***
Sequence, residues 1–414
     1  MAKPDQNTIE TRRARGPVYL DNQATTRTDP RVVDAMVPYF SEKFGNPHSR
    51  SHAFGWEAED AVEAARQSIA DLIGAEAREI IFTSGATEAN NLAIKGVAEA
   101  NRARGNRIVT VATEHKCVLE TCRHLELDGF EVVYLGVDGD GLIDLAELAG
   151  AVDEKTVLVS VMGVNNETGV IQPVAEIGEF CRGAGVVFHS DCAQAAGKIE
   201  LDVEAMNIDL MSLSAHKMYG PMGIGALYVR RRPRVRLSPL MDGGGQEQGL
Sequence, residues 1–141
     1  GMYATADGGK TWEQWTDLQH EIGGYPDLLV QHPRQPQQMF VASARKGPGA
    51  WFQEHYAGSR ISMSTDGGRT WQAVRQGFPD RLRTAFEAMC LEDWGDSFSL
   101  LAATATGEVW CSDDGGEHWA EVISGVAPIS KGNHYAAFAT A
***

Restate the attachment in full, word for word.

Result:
Sequence, residues 1–414
     1  MAKPDQNTIE TRRARGPVYL DNQATTRTDP RVVDAMVPYF SEKFGNPHSR
    51  SHAFGWEAED AVEAARQSIA DLIGAEAREI IFTSGATEAN NLAIKGVAEA
   101  NRARGNRIVT VATEHKCVLE TCRHLELDGF EVVYLGVDGD GLIDLAELAG
   151  AVDEKTVLVS VMGVNNETGV IQPVAEIGEF CRGAGVVFHS DCAQAAGKIE
   201  LDVEAMNIDL MSLSAHKMYG PMGIGALYVR RRPRVRLSPL MDGGGQEQGL
Sequence, residues 1–141
     1  GMYATADGGK TWEQWTDLQH EIGGYPDLLV QHPRQPQQMF VASARKGPGA
    51  WFQEHYAGSR ISMSTDGGRT WQAVRQGFPD RLRTAFEAMC LEDWGDSFSL
   101  LAATATGEVW CSDDGGEHWA EVISGVAPIS KGNHYAAFAT A